The task force meet on conditional access held today, once again,
failed to arrive at a consensus on the issue of pricing of the basic
tier and the parameters taken to arrive at various figures being
The chairman of the task force is understood to have conveyed to
other members, specially cable ops, that if there is no unanimity
on the pricing issue in the meet tomorrow, then the government would
have no choice but to go ahead with the figure cobbled together
by the finance ministry- Rs 45.90 (exclusive of local and entertainment
taxes) --- even if certain sections feel the figure is far removed
from ground realities.
The government has also told all stakeholders that the details
of costs, backed by relevant documents, should be submitted for
a final round of hearing on the cost issue by 11 am tomorrow.
The frustration and confusion in the task force is evident from
the fact that a survey undertaken by an independent body- Becil/ORG
Marg- too has not been able to bring smiles on everybody's face.
Rather the report done at the behest of the government and the industry
was today literally shredded to pieces by the cable operators in
the task force.
According to Rakesh Dutta, an independent cable op and a task force
member, "The way things are moving, it is becoming increasingly
difficult to arrive at any consensus. The cost of the basic tier
being suggested by the government and others would not be acceptable
to cable ops who'll have no option but to down shutters and suspend
cable services." Other cable operators also echoed similar
Some of the figures and data presented in the survey are quite
contrary to what the cable industry has been representing, it seems.
For example, on the issue of cable ops use using standardised equipment,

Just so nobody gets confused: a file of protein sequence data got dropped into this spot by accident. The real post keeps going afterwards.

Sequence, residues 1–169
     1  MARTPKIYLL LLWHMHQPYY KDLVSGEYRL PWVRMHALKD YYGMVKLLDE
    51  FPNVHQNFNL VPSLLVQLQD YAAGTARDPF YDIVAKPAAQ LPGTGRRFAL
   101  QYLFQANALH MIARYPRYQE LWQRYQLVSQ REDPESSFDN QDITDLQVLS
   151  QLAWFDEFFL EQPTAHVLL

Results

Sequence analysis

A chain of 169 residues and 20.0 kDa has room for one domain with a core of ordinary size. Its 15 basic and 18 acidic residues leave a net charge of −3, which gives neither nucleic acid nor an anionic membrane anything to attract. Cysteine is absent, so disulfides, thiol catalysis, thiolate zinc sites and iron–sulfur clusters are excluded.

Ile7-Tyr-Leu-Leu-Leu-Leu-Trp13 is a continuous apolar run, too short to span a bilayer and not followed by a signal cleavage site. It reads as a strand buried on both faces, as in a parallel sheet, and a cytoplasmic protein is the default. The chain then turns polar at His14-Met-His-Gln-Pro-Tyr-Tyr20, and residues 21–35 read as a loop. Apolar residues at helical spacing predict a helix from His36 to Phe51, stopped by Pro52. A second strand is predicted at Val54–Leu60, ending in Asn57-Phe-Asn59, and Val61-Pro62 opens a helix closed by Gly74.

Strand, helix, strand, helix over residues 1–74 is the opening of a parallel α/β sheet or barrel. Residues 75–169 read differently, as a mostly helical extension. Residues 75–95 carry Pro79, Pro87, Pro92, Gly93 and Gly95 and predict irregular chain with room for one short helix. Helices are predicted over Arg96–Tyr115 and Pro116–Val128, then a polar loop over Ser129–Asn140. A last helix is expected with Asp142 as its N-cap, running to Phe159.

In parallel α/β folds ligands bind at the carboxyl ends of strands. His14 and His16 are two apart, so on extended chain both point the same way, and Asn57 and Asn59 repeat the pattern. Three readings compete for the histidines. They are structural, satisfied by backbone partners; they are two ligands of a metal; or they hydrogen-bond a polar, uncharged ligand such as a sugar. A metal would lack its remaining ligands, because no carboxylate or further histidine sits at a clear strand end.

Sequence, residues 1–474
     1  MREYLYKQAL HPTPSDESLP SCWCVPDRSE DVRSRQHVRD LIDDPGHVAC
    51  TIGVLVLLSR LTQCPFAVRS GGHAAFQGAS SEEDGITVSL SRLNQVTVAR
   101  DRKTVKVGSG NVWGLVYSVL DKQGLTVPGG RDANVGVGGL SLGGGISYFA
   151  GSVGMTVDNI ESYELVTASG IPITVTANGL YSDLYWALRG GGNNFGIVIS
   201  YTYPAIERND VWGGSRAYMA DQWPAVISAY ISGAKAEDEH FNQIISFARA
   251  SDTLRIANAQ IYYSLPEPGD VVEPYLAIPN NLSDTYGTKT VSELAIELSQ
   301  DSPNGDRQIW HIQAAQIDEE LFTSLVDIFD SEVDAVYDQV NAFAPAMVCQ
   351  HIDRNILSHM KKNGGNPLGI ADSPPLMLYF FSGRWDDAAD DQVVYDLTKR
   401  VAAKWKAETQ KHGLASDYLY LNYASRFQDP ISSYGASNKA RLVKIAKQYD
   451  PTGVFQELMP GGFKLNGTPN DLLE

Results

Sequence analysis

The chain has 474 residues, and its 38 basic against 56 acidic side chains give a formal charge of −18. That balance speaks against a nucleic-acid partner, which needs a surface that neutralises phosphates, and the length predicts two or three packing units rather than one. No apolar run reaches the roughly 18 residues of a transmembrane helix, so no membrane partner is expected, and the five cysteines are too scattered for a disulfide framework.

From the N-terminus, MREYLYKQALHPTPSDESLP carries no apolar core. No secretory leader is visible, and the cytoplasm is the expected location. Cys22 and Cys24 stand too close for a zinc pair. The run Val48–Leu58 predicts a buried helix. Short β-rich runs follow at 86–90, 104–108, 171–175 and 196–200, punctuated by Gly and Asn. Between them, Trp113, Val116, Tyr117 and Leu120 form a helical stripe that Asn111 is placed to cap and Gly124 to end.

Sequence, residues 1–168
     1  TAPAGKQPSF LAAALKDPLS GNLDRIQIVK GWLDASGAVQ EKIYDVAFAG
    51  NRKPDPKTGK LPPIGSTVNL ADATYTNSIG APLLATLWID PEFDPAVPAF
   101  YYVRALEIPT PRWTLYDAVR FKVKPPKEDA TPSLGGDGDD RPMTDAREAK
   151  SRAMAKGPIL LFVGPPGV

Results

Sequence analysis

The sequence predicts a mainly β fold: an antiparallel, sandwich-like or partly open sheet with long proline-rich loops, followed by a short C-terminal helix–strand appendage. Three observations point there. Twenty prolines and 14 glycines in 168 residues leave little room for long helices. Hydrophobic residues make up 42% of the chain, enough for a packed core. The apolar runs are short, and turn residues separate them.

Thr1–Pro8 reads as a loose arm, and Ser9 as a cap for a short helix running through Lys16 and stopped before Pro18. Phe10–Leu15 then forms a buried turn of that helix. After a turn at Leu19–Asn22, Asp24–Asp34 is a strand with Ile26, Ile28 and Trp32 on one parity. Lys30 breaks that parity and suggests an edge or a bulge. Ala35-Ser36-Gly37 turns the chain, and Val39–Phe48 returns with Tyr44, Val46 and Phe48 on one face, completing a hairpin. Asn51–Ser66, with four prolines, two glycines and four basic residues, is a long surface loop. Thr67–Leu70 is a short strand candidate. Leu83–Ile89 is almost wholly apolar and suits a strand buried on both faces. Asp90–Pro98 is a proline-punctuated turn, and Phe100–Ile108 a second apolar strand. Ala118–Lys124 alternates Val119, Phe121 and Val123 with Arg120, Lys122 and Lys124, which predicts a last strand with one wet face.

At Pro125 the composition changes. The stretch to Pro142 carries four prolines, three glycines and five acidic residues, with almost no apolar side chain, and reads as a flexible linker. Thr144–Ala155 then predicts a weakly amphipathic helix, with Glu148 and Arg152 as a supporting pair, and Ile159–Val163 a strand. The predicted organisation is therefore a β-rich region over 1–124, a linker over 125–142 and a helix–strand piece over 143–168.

the report states that in cities like Delhi and Kolkata mostly local
equipment sans the ISI mark are used, while in Mumbai in certain
pockets branded products are used.
The survey, according to some figures made available to
indiantelevision.com, states that a franchisee cable operator in
Mumbai on an average has 2,555 subscribers per sq. km, while the
corresponding figures in Delhi is 1031, Kolkata 1266 and Chennai
It seems the ORG-Marg conducted survey for Becil is highlighting
the fact that cable operators do have large subscriber bases, but
their cost is not much as being proclaimed. Reason: standardised
equipment is not used by all. In case of Chennai, for example, the
report states that no details were forthcoming where equipment and
their standardisation was concerned.
Though some representatives of broadcasting organisations did raise
doubts over the authenticity of the survey and its findings, the
doubts were laid to rest quickly as the chairman is understood to
have said that the terms of reference for the survey was limited
and decided upon earlier.
Interestingly, the lone person representing free to air channels
in the task force, Sahara TV president Mahesh Prasad, raised an
important issue: carriage fee for free to air channels in the basic
Prasad, rightly so, pointed out that post-CAS it should be ensured
that free to air channels don't have to pay carriage fees (mostly
to MSOs) considering the minimum number of channels in the basic
tier is being specified at 30.
Though the issue did not receive the attention it should have,
in days to come carriage fee would rear its head as channels would
jostle with one another to occupy limited bandwidth and capacity
of an average TV set to receive the number of channels.